It appears that the bad news for Global Brokerage Inc. (NASDAQ:GLBR), formerly known as FXCM Inc., have no end.
After the dramatic exit of the company from the US market in February and NASDAQ’s warning that it might delist it, the Q1 2017 results are very disappointing as well. It should be kept in mind that due to the exit from the US forex brokerage market, the results for the United States operations have been reclassified to discontinued operations for both the current and prior year.
Unlike the first quarter of 2016 when the company had a comfortable net profit of $49.7 million, in Q1 2017 it garnered a net loss of $29.9 million. At the same time, the total net revenues in Q1 2017 stood at nearly $45.7 million, down 24% from the same period of last year. According to the company statement, the net loss was mainly to a goodwill write-off in connection to the debt to Leucadia National Corporation.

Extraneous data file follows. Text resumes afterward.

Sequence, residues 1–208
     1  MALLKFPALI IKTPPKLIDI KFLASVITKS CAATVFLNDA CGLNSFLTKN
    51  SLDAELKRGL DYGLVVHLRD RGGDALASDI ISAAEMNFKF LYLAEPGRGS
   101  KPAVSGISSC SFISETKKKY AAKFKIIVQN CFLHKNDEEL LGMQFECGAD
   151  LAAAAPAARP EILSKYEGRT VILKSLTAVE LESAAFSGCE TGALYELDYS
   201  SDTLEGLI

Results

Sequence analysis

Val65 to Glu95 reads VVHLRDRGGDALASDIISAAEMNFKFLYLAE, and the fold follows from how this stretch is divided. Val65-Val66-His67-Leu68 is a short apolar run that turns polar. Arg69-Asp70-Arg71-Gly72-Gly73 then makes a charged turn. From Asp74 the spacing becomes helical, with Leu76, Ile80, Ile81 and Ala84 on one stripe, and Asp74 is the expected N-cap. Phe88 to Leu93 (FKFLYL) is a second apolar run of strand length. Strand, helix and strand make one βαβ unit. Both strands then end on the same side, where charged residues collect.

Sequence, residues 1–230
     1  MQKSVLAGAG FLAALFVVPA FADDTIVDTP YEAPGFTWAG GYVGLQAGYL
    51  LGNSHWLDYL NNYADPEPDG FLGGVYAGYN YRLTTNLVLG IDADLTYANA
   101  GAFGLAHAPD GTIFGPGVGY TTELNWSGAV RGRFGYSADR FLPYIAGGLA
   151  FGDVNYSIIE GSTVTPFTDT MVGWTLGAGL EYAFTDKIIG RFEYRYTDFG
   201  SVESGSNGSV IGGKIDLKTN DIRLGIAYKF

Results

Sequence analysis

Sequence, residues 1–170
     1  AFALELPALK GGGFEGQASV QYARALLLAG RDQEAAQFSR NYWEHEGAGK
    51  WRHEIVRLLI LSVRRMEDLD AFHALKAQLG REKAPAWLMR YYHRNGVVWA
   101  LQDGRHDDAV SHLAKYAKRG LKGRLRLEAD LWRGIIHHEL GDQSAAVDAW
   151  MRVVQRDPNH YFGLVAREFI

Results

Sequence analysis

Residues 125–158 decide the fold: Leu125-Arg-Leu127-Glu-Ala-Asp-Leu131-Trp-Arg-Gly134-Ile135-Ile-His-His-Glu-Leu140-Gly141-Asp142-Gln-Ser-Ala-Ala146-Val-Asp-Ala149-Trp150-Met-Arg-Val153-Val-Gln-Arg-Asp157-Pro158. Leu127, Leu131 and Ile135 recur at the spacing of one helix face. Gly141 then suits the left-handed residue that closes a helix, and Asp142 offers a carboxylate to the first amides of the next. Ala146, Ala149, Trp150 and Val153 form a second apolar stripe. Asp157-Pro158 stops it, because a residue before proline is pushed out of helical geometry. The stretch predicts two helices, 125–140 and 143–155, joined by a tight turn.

The most concerning part of Global Brokerage’s statement is regarding the possible delisting from the NASDAQ Global Select Market in case the company does not increase its market cap value by October 30, 2017. “This could lead to an event of default under the terms of our debt arrangements and accordingly we believe that the potential delisting raises substantial doubt about our ability to continue as a going concern”, the company said. “We are working with financial and legal advisers to explore refinancing alternatives.”
At the same time, the trading metrics of the continuing operations for the first quarter of 2017 are also disappointing. Despite the same number of trading days – 64 – the total trading volume dropped by nearly 26%, to $679 billion. The number of daily average trades decreased by 23.3% and stood at 427 436. At the same time, the number of active accounts decreased by just 1902, to 130 832.
Global Brokerage Inc. is a majority stakeholder in FXCM Group. The remaining 49.9% in the group are in the hands of Leucadia. The bank has said it would receive up to 65% of future FXCM cash distributions after principal and interest are fully repaid.